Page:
Figure 22 – Stage 8 of the Big Data analytics lifecycle.
Business users need to be able to understand the results in order to obtain value from the analysis and subsequently have the ability to provide feedback, as indicated by the dashed line leading from stage 8 back to stage 7.
The results of completing the Data Visualization stage provide users with the ability to perform visual analysis, allowing for the discovery of answers to questions that users have not yet even formulated. Visual analysis techniques are covered later in this book.
The same results may be presented in a number of different ways, which can infl uence the interpretation of the results. Consequently, it is important to use the most suitable visualization technique by keeping the business domain in context.
Another aspect to keep in mind is that providing a method of drilling down to comparatively simple statistics is crucial, in order for users to understand how the rolled up or aggregated results were generated.
Utilization of Analysis Results
Subsequent to analysis results being made available to business users to support business decision-making, such as via dashboards, there may be further opportunities to utilize the analysis results. The Utilization of Analysis Results stage, shown in Figure 23, is dedicated to determining how and where processed analysis data can be further leveraged.
Depending on the nature of the analysis problems being addressed, it is possible for the analysis results to produce "models" that encapsulate new insights and understandings about the nature of the patterns and relationships that exist within the data that was analyzed. A model may look like a mathematical equation or a set of rules. Models can be used to improve business process logic and application system logic, and they can form the basis of a new system or software program.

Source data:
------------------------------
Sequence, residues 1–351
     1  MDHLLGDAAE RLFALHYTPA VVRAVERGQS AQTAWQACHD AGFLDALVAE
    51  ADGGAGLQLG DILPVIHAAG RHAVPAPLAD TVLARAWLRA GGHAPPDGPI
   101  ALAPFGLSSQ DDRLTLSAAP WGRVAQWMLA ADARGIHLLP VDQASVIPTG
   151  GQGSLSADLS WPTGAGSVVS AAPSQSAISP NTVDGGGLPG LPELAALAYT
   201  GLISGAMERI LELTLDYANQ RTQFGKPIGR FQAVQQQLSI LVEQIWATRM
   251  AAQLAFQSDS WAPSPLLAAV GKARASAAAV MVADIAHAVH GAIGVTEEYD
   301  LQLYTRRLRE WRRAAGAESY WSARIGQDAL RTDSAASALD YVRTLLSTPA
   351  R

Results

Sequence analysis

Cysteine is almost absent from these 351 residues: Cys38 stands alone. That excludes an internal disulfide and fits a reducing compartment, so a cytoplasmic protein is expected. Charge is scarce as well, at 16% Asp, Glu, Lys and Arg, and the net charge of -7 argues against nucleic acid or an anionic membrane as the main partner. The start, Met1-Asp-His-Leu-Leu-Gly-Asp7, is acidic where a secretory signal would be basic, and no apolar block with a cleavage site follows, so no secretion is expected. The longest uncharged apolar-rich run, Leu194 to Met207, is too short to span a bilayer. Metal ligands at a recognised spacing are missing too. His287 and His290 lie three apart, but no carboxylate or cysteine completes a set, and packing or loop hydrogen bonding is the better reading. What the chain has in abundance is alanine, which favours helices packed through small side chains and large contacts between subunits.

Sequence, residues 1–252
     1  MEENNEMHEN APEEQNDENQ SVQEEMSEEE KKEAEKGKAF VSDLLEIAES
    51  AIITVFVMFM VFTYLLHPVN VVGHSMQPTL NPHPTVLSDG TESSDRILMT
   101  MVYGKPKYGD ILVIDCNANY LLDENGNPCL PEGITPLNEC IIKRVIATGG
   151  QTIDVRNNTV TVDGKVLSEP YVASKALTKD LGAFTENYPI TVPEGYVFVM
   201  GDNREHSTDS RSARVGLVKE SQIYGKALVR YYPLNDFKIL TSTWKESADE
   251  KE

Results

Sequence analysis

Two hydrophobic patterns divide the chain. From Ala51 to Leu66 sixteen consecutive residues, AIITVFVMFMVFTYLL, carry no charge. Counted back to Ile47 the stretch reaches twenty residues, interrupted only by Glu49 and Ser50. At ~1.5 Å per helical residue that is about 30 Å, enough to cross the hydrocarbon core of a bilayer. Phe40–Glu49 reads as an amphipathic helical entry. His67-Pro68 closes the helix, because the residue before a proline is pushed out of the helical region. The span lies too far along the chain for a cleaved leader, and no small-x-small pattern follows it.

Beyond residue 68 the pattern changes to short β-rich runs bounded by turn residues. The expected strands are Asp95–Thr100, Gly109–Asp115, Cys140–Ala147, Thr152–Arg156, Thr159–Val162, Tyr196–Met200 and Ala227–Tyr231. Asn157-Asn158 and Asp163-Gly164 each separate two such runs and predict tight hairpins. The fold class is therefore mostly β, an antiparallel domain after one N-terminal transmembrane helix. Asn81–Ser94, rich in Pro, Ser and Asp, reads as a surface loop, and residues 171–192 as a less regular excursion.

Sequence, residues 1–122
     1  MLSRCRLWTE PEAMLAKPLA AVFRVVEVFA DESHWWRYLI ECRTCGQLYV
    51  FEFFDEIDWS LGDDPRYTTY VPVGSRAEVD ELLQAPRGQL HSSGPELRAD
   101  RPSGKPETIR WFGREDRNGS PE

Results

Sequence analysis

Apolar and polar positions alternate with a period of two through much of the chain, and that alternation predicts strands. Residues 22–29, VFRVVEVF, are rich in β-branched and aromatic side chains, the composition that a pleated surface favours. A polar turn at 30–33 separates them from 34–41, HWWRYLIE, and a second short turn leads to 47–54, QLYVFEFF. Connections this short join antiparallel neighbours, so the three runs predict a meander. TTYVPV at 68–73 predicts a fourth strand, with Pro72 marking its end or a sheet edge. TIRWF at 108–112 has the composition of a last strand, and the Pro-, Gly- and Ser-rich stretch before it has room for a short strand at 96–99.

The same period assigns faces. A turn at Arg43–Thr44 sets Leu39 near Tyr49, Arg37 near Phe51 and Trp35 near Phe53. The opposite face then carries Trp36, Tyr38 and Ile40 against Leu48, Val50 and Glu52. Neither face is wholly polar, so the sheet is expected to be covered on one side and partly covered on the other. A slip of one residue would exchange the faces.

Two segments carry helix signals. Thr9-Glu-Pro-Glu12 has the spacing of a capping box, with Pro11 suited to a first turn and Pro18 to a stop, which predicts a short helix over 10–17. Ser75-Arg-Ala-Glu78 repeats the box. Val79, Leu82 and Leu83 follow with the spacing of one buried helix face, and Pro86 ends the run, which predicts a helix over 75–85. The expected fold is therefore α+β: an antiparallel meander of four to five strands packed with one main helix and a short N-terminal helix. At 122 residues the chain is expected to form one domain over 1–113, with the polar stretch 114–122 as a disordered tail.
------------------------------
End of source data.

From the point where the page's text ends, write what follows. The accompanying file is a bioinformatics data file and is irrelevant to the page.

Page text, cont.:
Common areas that are explored during this stage include the following:
Figure 23 – Stage 9 of the Big Data analytics lifecycle.
Case Study Example
The majority of ETI's IT team is convinced that Big Data is the silver bullet that will address all of their current issues. However, the trained IT members point out that adopting Big Data is not the same as simply adopting a technology platform. Rather,a range of factors first need to be considered in order to ensure successful adoption of Big Data. Therefore,to ensure that the impact of business-related factors is fully understood, the IT team sits together with the business managers to create a feasibil-ity report. Involving business personnel at this early stage will further help create an environment that reduces the gap between management's perceived expectations and what IT can actually deliver.
There is a strong understanding that the adoption of Big Data is business-oriented and will assist ETI in reaching its goals. Big Data's abilities to store and process large amounts of unstructured data and combine multiple datasets will help ETI compre-hend risk. The company hopes that, as a result, it can minimize losses by only accept-ing less-risky applicants as customers. Similarly, ETI predicts that the ability to look into the unstructured behavioral data of a customer and discover abnormal behavior will further help reduce loss because fraudulent claims can be rejected. The decision to train the IT team in the field of Big Data has increased ETI's readiness for adopting Big Data. The team believes that it now has the basic skillset required for undertaking a Big Data initiative. Data identified and categorized earlier puts the team in a strong position for deciding on the required technologies. The early engagement of business management has also provided insights that allow them to anticipate changes that may be required in the future to keep the Big Data solution platform in alignment with any emerging business requirements.
At this preliminary stage, only a handful of external data sources, such as social media and census data, have been identified. It is agreed by the business personnel that a sufficient budget will be allocated for the acquisition of data from third-party data providers. Regarding privacy, the business users are a bit wary that obtain-ing additional data about customers could spark customer distrust. However, it is thought that an incentive-driven scheme, such as lower premiums, can be introduced in order to gain customers' consent and trust. When considering issues of security,the IT team notes that additional development efforts will be required to ensure that standardized, role-based access controls are in place for data held within the Big Data solution environment. This is especially relevant for the open-source databases that will hold non-relational data.